The pressurised metered dose inhaler is one of the most popular devices for producing a respirable cloud of droplets or particles for inhaled therapy of respiratory conditions. The primary atomisation mechanism of a pMDI is relatively poorly understood. This work aims to further develop this fundamental understanding by conducting and analysing phase Doppler anemometry (PDA) and high speed imaging studies.
We report the findings of a PDA study of aerosol plumes generated by a commercial actuator of HFA134a placebo formulations containing ethanol up to 20% w/w. Data for the temporal variation of aerosol velocity and droplet size 25 mm from the spray orifice exit is presented alongside internal flow images of the expansion chamber obtained from custom made transparent models. With increasing ethanol concentration, the spray plume velocity remained broadly constant, but the number mean diameter increased. Internal flow imaging has revealed marked differences in the flow regimes within the expansion chamber between formulations. Previous studies have suggested that the aerosol velocity and droplet size are strongly linked with the formulation vapour pressure, a function of ethanol concentration. The variation of flow regime with ethanol concentration and mean droplet diameter increase observed in this study suggest that other physical properties (e.g. surface tension and/or viscosity) play more significant roles in governing the drop size than previously acknowledged.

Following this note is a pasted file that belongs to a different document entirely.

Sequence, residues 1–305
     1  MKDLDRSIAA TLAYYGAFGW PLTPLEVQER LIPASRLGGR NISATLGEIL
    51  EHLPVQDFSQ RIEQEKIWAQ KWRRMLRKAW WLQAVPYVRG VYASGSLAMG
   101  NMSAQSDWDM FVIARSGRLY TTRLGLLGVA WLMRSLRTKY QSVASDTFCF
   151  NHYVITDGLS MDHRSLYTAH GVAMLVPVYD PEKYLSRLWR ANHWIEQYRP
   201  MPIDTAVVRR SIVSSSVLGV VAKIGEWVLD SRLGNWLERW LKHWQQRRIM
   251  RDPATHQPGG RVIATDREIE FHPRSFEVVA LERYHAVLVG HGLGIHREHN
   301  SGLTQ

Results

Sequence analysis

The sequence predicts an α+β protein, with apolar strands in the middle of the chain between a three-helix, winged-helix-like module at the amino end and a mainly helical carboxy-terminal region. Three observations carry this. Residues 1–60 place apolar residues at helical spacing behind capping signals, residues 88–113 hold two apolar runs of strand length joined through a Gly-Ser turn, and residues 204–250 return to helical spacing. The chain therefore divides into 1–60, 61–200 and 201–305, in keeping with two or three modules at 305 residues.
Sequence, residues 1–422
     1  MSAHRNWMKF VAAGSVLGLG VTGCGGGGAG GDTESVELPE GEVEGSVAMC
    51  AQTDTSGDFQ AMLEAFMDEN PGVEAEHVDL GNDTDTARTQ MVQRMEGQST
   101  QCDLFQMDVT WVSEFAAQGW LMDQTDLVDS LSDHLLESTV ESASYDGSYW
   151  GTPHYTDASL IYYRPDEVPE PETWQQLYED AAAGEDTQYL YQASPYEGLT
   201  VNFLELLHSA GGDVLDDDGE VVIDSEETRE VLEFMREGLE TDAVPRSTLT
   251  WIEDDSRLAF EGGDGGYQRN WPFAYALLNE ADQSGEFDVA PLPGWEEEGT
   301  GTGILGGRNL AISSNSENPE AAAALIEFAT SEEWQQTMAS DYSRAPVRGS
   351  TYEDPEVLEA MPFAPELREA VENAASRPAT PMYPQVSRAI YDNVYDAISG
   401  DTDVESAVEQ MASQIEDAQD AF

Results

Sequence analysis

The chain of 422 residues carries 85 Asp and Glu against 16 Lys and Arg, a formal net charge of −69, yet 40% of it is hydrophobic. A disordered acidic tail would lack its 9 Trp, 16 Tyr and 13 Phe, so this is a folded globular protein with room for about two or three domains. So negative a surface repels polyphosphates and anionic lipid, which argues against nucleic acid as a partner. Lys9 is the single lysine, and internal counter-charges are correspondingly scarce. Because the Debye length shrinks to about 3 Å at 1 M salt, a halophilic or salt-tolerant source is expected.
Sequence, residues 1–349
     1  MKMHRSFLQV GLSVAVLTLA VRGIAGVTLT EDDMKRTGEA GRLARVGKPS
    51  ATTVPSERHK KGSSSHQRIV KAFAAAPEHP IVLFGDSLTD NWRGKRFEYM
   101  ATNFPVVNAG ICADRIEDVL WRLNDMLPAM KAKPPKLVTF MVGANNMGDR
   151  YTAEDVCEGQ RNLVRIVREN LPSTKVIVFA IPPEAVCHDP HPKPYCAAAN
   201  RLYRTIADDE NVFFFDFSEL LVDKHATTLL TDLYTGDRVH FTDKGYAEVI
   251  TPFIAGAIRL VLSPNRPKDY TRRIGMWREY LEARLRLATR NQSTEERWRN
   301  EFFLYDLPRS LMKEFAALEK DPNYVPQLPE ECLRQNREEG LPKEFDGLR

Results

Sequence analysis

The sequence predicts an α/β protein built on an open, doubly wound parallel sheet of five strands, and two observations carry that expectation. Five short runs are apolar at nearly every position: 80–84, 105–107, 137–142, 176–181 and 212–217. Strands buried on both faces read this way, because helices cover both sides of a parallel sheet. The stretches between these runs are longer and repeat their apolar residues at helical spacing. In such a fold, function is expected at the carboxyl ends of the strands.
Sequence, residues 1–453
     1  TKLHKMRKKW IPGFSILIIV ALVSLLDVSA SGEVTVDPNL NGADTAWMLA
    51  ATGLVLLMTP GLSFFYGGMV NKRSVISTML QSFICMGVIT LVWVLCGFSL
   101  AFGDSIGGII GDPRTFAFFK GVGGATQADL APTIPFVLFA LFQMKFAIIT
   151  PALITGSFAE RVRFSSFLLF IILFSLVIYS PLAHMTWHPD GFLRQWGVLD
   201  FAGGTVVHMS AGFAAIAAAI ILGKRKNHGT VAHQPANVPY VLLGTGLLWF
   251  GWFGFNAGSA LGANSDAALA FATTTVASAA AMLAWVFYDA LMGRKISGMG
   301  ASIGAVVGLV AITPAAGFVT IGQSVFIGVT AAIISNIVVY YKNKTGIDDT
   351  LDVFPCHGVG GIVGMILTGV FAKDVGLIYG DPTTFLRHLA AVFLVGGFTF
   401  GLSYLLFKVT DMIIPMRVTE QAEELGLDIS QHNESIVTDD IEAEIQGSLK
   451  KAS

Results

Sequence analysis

This study demonstrates that increasing the concentration of ethanol in the formulation increases the droplet size produced. However, the ethanol concentration does not have a discernible effect on the aerosol plume velocity.